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Home > Income Tax > Help Center > Indian Budget 2023Last Updated: Jan 19th 2023

Indian Budget 2023 | Pre-Budget Expectations

Indian Budget 2023 | Pre-Budget Expectations

The Indian economy appears to be in a better position than the G20. Budget 2023 is expected to be progressive, balanced, and counter-cyclical in nature.

This article provides Team recommendations and a straight talk on what to expect in the coming budget.

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Indian Budget 2023 Presentation, Analysis, Calculators

What is Budget?

A budget is a financial plan for a specified period say Year in general. The Government of India i.e., Ministry of Finance after consultation with all the other ministries prepares the annual budget. The budget will be generally presented by the Finance Minister on the first day of February in Parliament. The proposed budget will come into effect from April 1st of the respective year.

Pre-budget Expectations


CY 2022 has shown that the Indian economy is on a clear path towards recovery, though it is perceived differently. The people of India feel the pressure on many fronts, such as loss of employment through layoffs, underemployment without promotions and pay-cuts, MSMEs squeezed due to lack of working capital, and supply-chain issues. On the other hand, all government indicators point to a positive outlook, including higher-than-expected tax collection, increased manufacturing through the PLI Scheme, and a positive outlook for the economy's future.


The budget for 2023, according to EZTax, will set the tone for greater, more visible infrastructure development, as well as a refocus on self-reliance through the PLI Scheme and other initiatives to combat the recessionary global environment. At the same time, help the middle class; people rely on agriculture (an influencing factor in the 2024 general elections).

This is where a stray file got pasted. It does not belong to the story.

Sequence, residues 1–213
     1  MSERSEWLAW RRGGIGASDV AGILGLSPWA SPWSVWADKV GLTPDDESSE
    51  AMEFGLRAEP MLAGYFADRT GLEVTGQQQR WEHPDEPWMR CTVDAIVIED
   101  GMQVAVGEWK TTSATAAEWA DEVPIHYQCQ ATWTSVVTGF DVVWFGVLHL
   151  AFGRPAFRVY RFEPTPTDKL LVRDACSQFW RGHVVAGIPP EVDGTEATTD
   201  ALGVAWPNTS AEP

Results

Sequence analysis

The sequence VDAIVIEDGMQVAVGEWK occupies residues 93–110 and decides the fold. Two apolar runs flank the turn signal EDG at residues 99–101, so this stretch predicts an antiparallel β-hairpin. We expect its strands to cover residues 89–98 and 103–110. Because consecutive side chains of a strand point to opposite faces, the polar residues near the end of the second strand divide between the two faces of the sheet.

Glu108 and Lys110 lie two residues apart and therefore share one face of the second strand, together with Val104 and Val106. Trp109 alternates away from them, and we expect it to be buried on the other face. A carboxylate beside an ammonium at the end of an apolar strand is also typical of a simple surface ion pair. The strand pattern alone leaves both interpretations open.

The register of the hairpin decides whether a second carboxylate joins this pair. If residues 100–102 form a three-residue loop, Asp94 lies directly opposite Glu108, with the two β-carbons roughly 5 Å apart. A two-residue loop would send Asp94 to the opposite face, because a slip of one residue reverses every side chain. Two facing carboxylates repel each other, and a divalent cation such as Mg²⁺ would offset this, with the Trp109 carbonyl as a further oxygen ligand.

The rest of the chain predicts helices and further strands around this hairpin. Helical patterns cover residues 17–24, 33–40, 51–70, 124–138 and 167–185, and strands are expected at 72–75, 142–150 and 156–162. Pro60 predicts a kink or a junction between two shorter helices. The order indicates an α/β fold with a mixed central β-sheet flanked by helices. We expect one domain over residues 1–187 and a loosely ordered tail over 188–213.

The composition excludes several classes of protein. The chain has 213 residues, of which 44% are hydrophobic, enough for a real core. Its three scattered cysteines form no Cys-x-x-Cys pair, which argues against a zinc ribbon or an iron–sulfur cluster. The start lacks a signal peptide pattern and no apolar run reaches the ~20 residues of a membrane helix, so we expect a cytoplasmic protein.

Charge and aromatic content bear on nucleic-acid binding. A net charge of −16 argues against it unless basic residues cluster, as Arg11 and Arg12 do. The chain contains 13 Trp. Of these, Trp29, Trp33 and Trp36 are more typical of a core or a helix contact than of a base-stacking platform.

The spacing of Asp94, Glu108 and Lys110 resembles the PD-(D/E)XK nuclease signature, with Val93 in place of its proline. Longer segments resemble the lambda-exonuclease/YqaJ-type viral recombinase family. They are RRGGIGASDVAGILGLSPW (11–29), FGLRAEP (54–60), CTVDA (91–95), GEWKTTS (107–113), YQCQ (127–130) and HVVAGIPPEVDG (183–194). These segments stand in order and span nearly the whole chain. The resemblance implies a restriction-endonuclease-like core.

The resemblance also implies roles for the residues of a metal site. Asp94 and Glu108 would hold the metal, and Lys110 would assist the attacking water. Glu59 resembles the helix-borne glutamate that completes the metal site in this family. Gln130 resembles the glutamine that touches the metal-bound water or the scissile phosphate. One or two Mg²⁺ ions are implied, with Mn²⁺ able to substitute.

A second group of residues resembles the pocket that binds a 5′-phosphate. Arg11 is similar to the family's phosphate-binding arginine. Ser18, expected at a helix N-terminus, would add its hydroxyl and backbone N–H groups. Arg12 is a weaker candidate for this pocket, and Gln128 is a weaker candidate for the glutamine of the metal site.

Also, expected are encouraging tax structures for investments in startups that focus on defense, agriculture, and national building products and services. It is expected to have fiscal prudence measures such as a special vehicle to increase tax enforcement and collect more tax without imposing new taxes.

 Expected to focus on Self-Reliance schemes to boost manufacturing and employment.  

  1. Continued reforms towards "minimum government and maximum governance", possible to take bold reformative steps towards automation, privatisation of non-functional PSUs, and centralising government functions to reduce government expenses, and increase governance.
  2. This is expected to continue for the next two to three budgets due to the lack of market support and the issues around.
  1. Increase the local sourcing requirements for all the government and major public companies to reinvigorate the MSME business.
  2. Re-focus on 6.5 to 7 Crore MSMEs who are deeply affected by the COVID-19 pandemic, with some observation, around 25% of MSMEs are closing their businesses by un-attending their GST obligations, and around 10% are closing their GST accounts formally.
  3. MSMEs needs a massive boost even at the expense of ramifications from QE. Expected to increase Credit Flow to MSMEs through certain liberal means to re-start their business.
  4. Provide larger incentives for start-ups. who are providing employment and innovation for defense, agriculture, and national building products and services.
  5. Restructure the new tax regime to be more attractive and give IT relief to taxpayers for higher consumption. Also, reduce or adjust GST rates on basic commodities with an eye on the rural economy.
  1. GST Compliance: Avoid frequent changes to the process and systems. GST is not the problem for the economy; it's the demand. Enforce full GST, including the reverse-charge mechanism, for proper ITC.
  2. GST Compliance: Re-organise GST Slab Rates to promote employment along the lines of raw (lower GST Slab), processed (manufactured), heavily processed, and imported (higher GST Slab).

 Theme of the Budget 2023 is expected to be Self-Reliance 

  1. Income tax reforms and Budget 2023 should emphasise easing tax compliance and increasing the tax base in India.
  2. Increase the tax rebate under section 87A for a tax-free income of up to Rs. 6 lakh.
  3. Increase primary Income tax deduction for housing loan, in case of self-occupied property to Rs. 3L to promote housing and savings
  4. The cost of housing has increased substantially. Critical to promote employment in the housing sector.